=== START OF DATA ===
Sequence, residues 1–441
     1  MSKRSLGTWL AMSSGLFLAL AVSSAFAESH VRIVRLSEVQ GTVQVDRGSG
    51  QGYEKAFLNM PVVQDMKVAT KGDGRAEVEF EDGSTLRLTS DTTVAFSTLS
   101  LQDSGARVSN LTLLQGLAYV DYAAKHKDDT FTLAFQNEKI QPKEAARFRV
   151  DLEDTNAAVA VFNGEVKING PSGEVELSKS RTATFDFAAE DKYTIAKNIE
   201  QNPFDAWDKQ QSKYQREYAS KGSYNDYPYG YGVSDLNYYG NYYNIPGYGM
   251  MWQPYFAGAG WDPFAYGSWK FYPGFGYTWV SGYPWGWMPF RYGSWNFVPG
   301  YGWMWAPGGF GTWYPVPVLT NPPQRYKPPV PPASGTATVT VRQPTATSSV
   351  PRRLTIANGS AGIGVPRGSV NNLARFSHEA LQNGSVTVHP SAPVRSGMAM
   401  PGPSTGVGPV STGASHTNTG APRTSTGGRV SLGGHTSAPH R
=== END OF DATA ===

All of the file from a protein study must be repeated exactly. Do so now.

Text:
Sequence, residues 1–441
     1  MSKRSLGTWL AMSSGLFLAL AVSSAFAESH VRIVRLSEVQ GTVQVDRGSG
    51  QGYEKAFLNM PVVQDMKVAT KGDGRAEVEF EDGSTLRLTS DTTVAFSTLS
   101  LQDSGARVSN LTLLQGLAYV DYAAKHKDDT FTLAFQNEKI QPKEAARFRV
   151  DLEDTNAAVA VFNGEVKING PSGEVELSKS RTATFDFAAE DKYTIAKNIE
   201  QNPFDAWDKQ QSKYQREYAS KGSYNDYPYG YGVSDLNYYG NYYNIPGYGM
   251  MWQPYFAGAG WDPFAYGSWK FYPGFGYTWV SGYPWGWMPF RYGSWNFVPG
   301  YGWMWAPGGF GTWYPVPVLT NPPQRYKPPV PPASGTATVT VRQPTATSSV
   351  PRRLTIANGS AGIGVPRGSV NNLARFSHEA LQNGSVTVHP SAPVRSGMAM
   401  PGPSTGVGPV STGASHTNTG APRTSTGGRV SLGGHTSAPH R